SVA: You’re teaching a course titled “Introduction to Cybernetics and the Foundations of Systems Design.” Would you describe cybernetics and its application to design?
Paul Pangaro: The word “cybernetics” is a useful place to start. It comes from a Greek root that has to do with steering. In order to steer, you have to see where you’re going; see whether that’s towards the goal or off-course from the goal; then change your actions to head back toward the goal. I act. I see the consequences. I say, “No, not quite what I meant.” And so I correct by acting again. That’s the cybernetic loop.
Now, notice I’ve just described the design process. I’ve just described what happens when we say, “Let’s build this.” We make a prototype and it doesn’t quite work. So we adjust it, get users in front of it, and change our mind, try something else, and so on.
The user’s process is also like that. The user picks up a device and thinks, “I want to buy a book on Amazon,” then realizes that’s not quite where she wants to be, goes to another site, and finds that’s not even the book she wanted. But this new goal is better than the old goal. So humans are also engaged in a cybernetic loop for getting what they want.
Fundamental models of cybernetics have great applicability both to the process of design and to an understanding of what we’re designing for—human interaction.
So cybernetics offers a set of models that starts from general concepts of action and goal and feedback, and helps us solve the complex problems of design today. Cybernetics applies to complex technologies, to organizational structures, and even to conversation itself—which, as we all experience every day, is a basic human way of setting goals and acting to achieve them.
From L‘Ère Atomique, Cybernétique, Electronique, Automation. 1958. Éditions René Kister, Genève.
SVA: Where do students apply systems thinking both in your course and beyond?
PP: My experience teaching these concepts is that it takes over the way students tend to think about a problem. It becomes part of how they look at the world.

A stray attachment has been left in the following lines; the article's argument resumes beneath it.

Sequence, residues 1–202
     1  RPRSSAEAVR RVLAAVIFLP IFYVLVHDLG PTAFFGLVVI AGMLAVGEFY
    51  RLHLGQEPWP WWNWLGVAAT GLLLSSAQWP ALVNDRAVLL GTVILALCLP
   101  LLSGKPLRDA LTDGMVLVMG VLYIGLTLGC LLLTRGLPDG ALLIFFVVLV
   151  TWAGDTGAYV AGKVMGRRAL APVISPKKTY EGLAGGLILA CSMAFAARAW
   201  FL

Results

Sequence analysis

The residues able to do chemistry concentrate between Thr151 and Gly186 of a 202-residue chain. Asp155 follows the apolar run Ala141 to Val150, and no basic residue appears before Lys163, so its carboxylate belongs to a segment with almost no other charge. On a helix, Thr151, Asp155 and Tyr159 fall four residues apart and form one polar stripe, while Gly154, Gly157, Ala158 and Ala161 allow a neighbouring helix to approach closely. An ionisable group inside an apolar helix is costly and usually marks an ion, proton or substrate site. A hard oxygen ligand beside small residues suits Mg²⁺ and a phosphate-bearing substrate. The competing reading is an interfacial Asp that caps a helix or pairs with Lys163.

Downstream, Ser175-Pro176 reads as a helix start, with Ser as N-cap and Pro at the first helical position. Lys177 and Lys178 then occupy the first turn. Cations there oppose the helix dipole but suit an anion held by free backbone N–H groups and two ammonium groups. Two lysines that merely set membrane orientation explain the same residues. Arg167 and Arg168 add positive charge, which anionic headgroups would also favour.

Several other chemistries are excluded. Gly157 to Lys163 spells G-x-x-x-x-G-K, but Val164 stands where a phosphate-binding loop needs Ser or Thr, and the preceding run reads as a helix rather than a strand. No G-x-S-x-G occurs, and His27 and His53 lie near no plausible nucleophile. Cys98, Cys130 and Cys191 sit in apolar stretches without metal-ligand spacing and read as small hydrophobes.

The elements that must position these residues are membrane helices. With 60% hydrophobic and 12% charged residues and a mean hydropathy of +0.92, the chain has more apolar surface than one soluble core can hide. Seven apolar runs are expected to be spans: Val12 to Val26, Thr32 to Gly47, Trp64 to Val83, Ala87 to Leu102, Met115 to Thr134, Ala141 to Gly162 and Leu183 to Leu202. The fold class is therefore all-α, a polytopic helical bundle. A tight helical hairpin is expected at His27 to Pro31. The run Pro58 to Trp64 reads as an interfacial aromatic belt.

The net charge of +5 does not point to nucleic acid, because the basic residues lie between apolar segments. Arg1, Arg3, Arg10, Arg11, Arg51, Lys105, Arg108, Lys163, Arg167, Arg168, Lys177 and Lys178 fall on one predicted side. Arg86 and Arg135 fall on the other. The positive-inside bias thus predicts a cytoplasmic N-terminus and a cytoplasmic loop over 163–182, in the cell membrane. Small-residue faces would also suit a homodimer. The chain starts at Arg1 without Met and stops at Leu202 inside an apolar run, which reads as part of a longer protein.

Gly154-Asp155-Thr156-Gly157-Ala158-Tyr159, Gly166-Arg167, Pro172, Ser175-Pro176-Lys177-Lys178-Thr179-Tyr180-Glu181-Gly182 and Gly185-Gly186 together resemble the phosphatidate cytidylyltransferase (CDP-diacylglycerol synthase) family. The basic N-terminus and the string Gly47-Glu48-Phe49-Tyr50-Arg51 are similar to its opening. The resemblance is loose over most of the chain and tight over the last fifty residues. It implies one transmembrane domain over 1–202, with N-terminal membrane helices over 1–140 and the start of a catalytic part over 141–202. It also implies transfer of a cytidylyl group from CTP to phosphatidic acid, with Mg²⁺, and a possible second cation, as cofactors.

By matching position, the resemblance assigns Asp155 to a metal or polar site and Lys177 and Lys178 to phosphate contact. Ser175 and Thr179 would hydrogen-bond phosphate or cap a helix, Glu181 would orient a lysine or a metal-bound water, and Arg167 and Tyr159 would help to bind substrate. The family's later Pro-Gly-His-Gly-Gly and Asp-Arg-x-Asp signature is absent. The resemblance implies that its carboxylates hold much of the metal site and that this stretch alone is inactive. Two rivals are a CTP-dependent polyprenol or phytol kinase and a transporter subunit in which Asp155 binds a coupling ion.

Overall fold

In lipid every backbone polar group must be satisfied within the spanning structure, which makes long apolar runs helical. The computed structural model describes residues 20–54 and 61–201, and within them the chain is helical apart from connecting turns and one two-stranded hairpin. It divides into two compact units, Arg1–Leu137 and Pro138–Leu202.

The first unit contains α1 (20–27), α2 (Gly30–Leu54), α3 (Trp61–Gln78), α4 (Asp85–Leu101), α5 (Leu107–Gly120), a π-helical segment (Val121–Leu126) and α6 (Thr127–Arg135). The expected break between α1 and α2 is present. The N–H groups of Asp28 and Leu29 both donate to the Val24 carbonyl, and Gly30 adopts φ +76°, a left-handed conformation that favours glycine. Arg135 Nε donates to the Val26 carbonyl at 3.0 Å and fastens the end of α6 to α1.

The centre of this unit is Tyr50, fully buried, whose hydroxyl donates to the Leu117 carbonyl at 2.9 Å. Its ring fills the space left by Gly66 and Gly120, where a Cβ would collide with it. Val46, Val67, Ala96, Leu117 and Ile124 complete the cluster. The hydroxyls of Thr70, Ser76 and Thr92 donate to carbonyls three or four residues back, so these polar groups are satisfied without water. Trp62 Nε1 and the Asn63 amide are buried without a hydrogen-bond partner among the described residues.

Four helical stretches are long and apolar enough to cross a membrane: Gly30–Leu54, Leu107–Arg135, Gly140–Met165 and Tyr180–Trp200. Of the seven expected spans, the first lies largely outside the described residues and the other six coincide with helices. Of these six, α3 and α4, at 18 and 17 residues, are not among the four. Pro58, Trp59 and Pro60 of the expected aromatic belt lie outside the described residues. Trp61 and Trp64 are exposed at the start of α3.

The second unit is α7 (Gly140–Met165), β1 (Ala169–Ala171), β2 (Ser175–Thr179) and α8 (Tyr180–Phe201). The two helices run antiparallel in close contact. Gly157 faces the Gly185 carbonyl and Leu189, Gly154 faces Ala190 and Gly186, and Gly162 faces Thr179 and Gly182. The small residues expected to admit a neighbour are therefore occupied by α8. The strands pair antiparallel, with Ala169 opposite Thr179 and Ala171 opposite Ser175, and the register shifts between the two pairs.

I also see it as a diagnostic tool. It offers the perspective that, “I can make this better if I thought about it in the cybernetic frame.” Students learn along the way, for example, how to focus sharply on the limitations of a system’s capabilities—what it cannot do—in order to better define what they want it to do.
Designing the conversation is something they can bring every day to every meeting. “Mondays at 10AM we all get together in the same room to discuss a project.” Looking at it cybernetically, these conversations can’t achieve the goals set for them. Can we design the next conversation so that the knowledge to move to the next step is in the room when we meet? That’s just one example we all experience. Understanding teams and conversations as a system is a way of designing around the horrible meeting culture that so many companies have.
So, cybernetics is a set of tools that apply to our every day work process as well to the design of better interactions.
My goal is that these models get carried forward, not so they get drilled into somebody’s head and are applied slavishly, but so they become a way designers naturally see the world—and not just see the world, but diagnose it to understand how we can make it better.